Coffee is a gift to us from millions of farming families around the world... and we must treat it as such, never forgetting the love, care and painstaking labor that goes into cultivating our favorite crop. Like wine grapes in Sonoma County, organic coffee gets much of its flavor from the growing conditions and processing methods of each region. Here is a brief overview of the meticulous steps involved in nurturing organic coffee from seed to cup:



ARABICA: The two most important species of coffee economically are Coffea Arabica, which accounts for over 70% of world production, and Coffea Canephora (robusta coffee). Arabica was first classified in 1753 and the best known varieties are “Typica” and “Bourbon,” although many different strains and cultivars have been developed. Some popular strains are Caturra (Brazil, Colombia), Mundo Novo (Brazil), Tico (Central America), the dwarf San Ramon and the Jamaican Blue Mountain. Arabica coffee is often susceptible to attack by pests and diseases, making resistance a major goal of plant breeding programs. Arabica is grown throughout Latin America, Central and East Africa, India and Indonesia. The cup characteristics of fine Arabica coffees are complex, multi-dimensional, rich and full with flavors ranging from citrus to chocolate, floral to peppery, tart to sweet.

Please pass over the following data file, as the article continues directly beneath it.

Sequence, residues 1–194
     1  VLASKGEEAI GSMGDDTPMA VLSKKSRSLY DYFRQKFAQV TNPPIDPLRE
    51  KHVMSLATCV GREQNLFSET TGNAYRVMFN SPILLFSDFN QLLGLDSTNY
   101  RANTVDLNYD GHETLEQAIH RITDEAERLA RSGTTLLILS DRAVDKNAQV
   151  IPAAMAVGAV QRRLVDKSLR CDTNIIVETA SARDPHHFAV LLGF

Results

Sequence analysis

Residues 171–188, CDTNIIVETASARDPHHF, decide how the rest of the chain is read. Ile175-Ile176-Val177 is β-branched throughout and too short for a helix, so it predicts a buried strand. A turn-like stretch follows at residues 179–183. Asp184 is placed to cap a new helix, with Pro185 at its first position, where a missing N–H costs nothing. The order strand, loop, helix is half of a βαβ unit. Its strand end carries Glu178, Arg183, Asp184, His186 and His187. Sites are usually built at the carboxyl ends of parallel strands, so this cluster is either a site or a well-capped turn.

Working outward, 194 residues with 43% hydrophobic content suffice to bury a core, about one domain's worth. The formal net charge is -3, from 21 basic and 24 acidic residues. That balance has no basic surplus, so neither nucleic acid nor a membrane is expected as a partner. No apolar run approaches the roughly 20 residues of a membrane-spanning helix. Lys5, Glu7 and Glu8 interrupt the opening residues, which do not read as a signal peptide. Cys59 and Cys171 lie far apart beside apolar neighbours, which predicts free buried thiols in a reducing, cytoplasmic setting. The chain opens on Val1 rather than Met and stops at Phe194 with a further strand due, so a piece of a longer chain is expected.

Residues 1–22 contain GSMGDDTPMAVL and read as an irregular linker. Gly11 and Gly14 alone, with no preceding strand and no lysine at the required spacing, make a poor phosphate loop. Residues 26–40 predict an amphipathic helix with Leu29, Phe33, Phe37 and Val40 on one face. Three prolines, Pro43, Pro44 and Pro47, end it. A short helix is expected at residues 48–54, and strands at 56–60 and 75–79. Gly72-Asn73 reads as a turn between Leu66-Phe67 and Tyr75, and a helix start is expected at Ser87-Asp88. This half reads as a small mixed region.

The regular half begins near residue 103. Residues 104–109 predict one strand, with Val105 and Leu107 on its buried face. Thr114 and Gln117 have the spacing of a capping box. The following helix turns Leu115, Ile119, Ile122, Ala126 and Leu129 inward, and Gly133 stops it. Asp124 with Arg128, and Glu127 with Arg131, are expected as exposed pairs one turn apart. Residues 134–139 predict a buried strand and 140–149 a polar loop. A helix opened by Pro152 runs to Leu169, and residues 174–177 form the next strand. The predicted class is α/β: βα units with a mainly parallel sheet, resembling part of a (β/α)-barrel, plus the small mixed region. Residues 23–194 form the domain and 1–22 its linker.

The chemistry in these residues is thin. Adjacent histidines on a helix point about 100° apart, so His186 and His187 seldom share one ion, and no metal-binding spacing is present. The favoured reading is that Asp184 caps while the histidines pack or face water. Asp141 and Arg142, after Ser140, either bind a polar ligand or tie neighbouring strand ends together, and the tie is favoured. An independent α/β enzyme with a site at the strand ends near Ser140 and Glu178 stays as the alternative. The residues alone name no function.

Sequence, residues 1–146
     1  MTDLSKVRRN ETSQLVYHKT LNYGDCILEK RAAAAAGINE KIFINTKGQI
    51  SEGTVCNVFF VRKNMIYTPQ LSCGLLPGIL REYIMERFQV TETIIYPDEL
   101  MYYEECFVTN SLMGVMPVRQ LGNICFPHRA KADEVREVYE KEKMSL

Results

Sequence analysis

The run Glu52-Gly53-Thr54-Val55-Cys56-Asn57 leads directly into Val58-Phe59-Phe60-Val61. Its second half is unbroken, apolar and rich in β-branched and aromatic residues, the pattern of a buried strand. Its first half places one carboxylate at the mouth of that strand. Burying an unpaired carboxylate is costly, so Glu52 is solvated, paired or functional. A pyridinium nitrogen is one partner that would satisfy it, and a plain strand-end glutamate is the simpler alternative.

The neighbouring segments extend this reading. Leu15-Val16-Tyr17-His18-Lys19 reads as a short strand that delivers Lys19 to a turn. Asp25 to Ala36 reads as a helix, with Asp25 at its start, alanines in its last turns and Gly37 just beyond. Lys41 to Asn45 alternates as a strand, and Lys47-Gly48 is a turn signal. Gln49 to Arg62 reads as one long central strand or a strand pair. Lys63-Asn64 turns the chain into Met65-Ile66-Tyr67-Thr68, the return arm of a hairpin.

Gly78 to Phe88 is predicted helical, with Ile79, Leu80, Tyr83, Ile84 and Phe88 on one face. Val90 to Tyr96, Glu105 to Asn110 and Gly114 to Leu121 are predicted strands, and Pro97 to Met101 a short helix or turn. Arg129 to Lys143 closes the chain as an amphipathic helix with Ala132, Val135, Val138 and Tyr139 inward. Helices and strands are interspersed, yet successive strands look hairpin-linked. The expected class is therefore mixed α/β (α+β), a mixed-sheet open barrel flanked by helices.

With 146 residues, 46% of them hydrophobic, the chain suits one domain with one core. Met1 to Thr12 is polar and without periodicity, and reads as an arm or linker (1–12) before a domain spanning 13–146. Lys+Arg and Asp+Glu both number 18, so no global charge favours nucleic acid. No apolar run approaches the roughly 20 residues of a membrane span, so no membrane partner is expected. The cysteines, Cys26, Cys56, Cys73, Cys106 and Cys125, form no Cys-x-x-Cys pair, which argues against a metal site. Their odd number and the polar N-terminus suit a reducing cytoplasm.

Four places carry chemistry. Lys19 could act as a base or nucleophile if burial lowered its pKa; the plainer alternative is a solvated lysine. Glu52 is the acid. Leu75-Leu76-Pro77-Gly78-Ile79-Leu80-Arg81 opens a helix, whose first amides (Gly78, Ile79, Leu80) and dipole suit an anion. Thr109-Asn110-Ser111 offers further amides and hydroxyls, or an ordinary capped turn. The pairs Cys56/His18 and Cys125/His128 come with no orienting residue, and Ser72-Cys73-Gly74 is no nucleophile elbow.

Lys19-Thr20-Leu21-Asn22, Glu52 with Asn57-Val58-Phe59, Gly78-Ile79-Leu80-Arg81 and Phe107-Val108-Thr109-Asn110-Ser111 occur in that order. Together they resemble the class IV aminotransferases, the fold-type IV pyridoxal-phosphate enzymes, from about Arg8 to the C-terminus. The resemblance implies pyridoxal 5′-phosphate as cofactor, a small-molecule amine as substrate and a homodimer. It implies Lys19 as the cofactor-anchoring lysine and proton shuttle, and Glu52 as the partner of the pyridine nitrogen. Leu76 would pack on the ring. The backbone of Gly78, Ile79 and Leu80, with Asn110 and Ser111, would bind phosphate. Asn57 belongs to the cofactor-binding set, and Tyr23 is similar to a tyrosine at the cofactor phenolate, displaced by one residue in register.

PLANTING: The average Arabica plant is a large bush with dark-green oval leaves and fruits that are oval and mature in 7 to 9 months. Each Arabica fruit (cherry) contains two seeds (the coffee beans), however, 5% of each Arabica harvest can yield fruits that have only one seed. This is called a “peaberry”, and using special screens at the mill can separate these out per specific requests from roasters. Arabica trees grow between 7-15 feet in height and live an average of 50 years. The processing of Arabica coffees can range from rustic to sophisticated. Many coffee producing countries now invest millions of dollars to improve their processing infrastructure. Most notable are Brazil, Colombia, Costa Rica, and Nicaragua. Taylor Maid Farms only purchases certified organic coffees. Organic agriculture stimulates the environment’s natural development of disease and pest control. Because much organic coffee is shade grown, large amounts of forest may be preserved through this growing method. This preservation has many additional benefits: minimizing soil erosion and preserving habitat, especially for birds. Tree leaves and bird droppings naturally fertilize the soil and birds aid in pest control by eating insects that would otherwise feast on coffee plants. 

 

 




HANDPICKING: The finest organic Arabica coffees are grown on steep hillsides at altitudes up to 7000ft, making mechanization virtually impossible. Each step of the coffee experience is executed by hand labor. On average, 68 human hands are needed to bring a pound of coffee to you. This is 10 times the hand labor of competing products (Wine, Beer, Cigars, etc.) Arabica trees are high maintenance, needing abundant love and attention in order to thrive. They need rain, but not too much, and just the right amount of sun and shade. Coffee thrives when grown under a dynamic shade canopy where native flora and fauna flourish. It tastes best when birds sing cherries into ripeness.

 

 

 

 

 


PROCESSING